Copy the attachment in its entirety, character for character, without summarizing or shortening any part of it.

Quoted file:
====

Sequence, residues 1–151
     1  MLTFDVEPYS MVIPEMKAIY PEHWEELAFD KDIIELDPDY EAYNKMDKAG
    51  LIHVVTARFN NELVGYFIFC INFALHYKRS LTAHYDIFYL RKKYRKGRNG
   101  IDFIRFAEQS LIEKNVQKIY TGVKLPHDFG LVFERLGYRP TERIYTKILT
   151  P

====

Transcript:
Sequence, residues 1–151
     1  MLTFDVEPYS MVIPEMKAIY PEHWEELAFD KDIIELDPDY EAYNKMDKAG
    51  LIHVVTARFN NELVGYFIFC INFALHYKRS LTAHYDIFYL RKKYRKGRNG
   101  IDFIRFAEQS LIEKNVQKIY TGVKLPHDFG LVFERLGYRP TERIYTKILT
   151  P